Content aggregation could reduce cord-cutting advantages in short term

Cord-cutting is only attractive if there's lots of quality content and it's not expensive. Both of those factors could be going away soon--or at lease be substantially diminished--according to Darren Feher, CEO of Conviva, who expects that higher fees and less content will become the norm as the online video space finds its footing.

Rather than enjoying a plethora of high quality a la carte programming, cord-cutters will more than likely be confronted with choices between programming aggregators like Hulu and Netflix (Nasdaq: NFLX), who, in models similar to existing pay TV service providers, will bundle content together with concurrently higher prices, Feher said in a story reported by GigaOM.

"The whole industry is doing a lot of experimentation in places and markets where they are trying to figure out what will work for the U.S. market," said Feher, who knows a little about the industry thanks to his previous day job as CTO of NBCUniversal. "But before that, in the next 12 months there will increasing pressure against cord cutters. The whole authentication thing, where you can't watch content unless you have a cable sub, will be a mess for consumers."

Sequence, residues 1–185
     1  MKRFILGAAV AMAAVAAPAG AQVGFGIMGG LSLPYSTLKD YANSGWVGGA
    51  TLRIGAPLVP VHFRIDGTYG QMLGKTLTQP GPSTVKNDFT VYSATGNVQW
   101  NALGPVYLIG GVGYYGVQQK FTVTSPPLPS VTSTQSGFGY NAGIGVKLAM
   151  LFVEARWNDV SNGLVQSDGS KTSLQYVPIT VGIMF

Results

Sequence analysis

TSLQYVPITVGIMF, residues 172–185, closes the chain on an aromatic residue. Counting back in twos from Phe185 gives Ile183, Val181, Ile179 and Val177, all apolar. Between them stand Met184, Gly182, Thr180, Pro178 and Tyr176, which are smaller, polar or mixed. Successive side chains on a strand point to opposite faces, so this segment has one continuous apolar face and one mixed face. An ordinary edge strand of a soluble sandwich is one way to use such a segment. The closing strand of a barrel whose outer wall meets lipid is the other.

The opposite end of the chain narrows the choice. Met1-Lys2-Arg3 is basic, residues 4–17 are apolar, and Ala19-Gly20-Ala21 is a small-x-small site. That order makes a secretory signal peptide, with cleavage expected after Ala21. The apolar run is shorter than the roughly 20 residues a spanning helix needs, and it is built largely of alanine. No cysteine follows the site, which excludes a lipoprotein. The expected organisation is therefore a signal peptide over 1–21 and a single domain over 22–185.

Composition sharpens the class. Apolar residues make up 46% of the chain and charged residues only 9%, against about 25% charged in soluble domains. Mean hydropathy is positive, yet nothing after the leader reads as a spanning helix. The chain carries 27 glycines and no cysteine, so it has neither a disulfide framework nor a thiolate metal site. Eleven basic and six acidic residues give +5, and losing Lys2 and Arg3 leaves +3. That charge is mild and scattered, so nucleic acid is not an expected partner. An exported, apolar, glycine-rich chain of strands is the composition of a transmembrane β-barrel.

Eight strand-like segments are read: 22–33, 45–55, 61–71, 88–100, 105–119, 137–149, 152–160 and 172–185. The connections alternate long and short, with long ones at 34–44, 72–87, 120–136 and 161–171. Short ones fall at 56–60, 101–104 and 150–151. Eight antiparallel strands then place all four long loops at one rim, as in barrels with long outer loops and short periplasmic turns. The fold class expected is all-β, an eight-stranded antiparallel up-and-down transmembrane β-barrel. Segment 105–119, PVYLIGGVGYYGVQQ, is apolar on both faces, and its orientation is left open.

Conviva is caught somewhat in the middle of this new paradigm. The company is working with HBOGo's over-the-top play, including the a la carte Nordic version. But Feher doesn't see that sort of play happening in the United States--at least not yet.

"Inevitability consumers will tell content creators what they want and the content  guys will have to respond. There's a whole upcoming generation of 'cord nevers' that the industry has to consider."

That's the future. For now, though, content owners will probably stick to aggregation models that have worked in the past.

Even though cord nevers are growing--"[n]o one brings a TV to college anymore," Feher said--"in the short term there will be a lot more pressure on aggregators like Netflix and Hulu, and the consumer will feel that in less content or higher prices."

For more:
GigaOM had this story

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